The best incentives for a rural economy that continues to struggle
Rural development means different things to different people. For farming organisations, it has meant securing the maximum amount of funding from the EU Rural Development Programme for their members. For small villages and towns, it has meant neglect, high unemployment and a fading hope that Common Agricultural Policy changes might halt their decline. Now that funding has been formally allocated, it is a bit rich for Minister for the Environment Phil Hogan to talk about taking a new approach under future EU structural funding.
A study by the Commission for the Economic Development of Rural Areas (Cedra), established by Mr Hogan and Minister for Agriculture Simon Coveney two years ago, has made a number of important recommendations on how rural areas outside of the five major cities might be helped. Chief among these was the development of integrated planning by State agencies and local authorities. It suggested that, with Government support, these bodies could promote rural economic development and the emergence of niche industries. Cedra blamed past failures on the absence of appropriate support, delivery and co-ordination mechanisms.
The urgency of the present situation was emphasised by a Teagasc report which found that poverty rates in small towns is double that of cities, while unemployment levels are significantly higher. Anyone who knows rural Ireland will be aware of the difficulties currently being experienced by local communities and small retailers. Growing numbers of closed shops and vacant properties provide evidence of accelerating decay.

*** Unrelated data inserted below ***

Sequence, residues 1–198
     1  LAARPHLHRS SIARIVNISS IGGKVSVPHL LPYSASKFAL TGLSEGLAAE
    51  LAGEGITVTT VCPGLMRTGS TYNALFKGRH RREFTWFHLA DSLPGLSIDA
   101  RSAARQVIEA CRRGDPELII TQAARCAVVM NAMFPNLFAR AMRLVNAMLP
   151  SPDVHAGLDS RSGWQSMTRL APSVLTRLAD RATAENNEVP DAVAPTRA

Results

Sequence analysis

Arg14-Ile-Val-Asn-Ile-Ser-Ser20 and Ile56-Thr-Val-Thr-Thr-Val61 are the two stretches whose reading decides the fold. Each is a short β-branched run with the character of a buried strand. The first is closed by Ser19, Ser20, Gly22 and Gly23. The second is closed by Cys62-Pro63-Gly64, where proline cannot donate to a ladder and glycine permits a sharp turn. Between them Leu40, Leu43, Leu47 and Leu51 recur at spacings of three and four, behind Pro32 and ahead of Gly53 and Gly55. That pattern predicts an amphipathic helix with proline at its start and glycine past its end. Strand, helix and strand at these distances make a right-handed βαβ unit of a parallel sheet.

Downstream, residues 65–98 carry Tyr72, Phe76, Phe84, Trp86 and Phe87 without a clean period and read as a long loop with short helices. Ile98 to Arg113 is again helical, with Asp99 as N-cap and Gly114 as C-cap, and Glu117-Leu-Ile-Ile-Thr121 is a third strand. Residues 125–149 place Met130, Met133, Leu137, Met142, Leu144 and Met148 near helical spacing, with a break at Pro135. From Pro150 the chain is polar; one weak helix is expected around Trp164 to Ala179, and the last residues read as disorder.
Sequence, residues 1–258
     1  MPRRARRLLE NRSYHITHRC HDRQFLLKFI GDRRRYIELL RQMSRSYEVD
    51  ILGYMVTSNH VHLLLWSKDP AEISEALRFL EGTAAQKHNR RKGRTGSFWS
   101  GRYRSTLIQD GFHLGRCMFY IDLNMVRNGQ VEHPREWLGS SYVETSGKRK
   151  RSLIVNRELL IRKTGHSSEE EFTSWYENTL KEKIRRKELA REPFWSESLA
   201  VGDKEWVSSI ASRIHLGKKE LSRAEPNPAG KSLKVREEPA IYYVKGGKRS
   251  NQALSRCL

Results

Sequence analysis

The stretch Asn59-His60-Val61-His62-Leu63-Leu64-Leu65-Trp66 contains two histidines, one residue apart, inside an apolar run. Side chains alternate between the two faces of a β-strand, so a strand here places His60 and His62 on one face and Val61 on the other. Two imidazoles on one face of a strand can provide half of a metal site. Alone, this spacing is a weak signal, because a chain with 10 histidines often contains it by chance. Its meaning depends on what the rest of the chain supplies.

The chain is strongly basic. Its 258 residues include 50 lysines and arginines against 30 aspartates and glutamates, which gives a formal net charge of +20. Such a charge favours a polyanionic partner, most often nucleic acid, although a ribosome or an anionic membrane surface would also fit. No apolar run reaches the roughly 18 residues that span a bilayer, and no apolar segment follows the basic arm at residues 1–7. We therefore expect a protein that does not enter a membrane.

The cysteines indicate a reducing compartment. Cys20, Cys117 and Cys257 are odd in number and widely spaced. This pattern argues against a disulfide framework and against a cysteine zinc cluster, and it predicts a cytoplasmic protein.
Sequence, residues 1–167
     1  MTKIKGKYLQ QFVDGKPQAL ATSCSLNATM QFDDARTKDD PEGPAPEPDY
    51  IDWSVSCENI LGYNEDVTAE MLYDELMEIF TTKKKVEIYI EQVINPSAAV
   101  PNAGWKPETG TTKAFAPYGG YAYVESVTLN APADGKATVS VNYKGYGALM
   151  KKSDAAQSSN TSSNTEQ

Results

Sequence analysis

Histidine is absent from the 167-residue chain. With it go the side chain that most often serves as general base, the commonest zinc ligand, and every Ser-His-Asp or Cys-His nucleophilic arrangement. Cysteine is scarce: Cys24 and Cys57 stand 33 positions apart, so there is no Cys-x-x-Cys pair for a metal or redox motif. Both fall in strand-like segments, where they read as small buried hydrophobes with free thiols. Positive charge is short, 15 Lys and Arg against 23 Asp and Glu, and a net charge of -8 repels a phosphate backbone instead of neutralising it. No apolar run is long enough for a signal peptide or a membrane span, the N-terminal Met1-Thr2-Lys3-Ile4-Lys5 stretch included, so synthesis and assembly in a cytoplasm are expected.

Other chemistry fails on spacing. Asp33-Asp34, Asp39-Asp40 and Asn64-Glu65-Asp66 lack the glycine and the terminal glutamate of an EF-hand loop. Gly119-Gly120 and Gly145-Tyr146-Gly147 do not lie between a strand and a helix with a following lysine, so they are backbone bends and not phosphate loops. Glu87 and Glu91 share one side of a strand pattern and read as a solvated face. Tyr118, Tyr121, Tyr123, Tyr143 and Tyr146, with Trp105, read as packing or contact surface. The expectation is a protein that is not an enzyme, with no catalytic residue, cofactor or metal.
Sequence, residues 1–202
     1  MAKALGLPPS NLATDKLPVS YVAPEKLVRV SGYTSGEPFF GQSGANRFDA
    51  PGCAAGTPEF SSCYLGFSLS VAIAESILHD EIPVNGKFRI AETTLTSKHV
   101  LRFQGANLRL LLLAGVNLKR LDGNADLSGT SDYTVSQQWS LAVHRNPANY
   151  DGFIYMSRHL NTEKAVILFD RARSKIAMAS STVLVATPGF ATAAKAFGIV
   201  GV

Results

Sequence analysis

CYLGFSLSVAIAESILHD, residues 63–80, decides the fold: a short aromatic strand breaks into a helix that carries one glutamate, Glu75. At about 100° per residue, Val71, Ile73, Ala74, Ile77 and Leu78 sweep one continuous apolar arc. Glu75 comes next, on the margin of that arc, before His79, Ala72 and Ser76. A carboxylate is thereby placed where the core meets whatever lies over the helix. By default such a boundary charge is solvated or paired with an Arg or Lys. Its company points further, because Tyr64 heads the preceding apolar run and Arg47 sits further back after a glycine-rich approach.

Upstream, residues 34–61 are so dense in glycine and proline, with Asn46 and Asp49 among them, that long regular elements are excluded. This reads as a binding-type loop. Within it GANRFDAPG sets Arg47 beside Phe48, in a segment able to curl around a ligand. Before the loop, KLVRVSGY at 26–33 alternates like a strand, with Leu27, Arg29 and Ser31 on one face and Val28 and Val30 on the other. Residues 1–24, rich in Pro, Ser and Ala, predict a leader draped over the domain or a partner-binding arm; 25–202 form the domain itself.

Funding that might have addressed some of these problems is going elsewhere. Under pressure from farming organisations, most of the CAP funding for the Rural Development Programme 2014-2020 will go directly to farmers - and proportionately to the larger ones. Some €2.19 billion will be allocated during that period, but only €153million of that will find its way to Leader programmes. Farming organisations insist that, if their members do well, the whole rural community will benefit. Coordination between development agencies, the reallocation of funding and a Government re-think is required. Rural development should mean more than raising agricultural output. Provision of broadband will help local communities. Revival of the tourism sector offers the prospect of additional growth and employment.
The success of the Greenway in Co Mayo shows what can be done. Cycling and walking holidays are in their infancy and deserve international promotion. Keeping Ireland green, clean and welcoming are key considerations. But high standards and good value are of perennial importance. So is social cohesion. Rural development should not stop at the farm gate.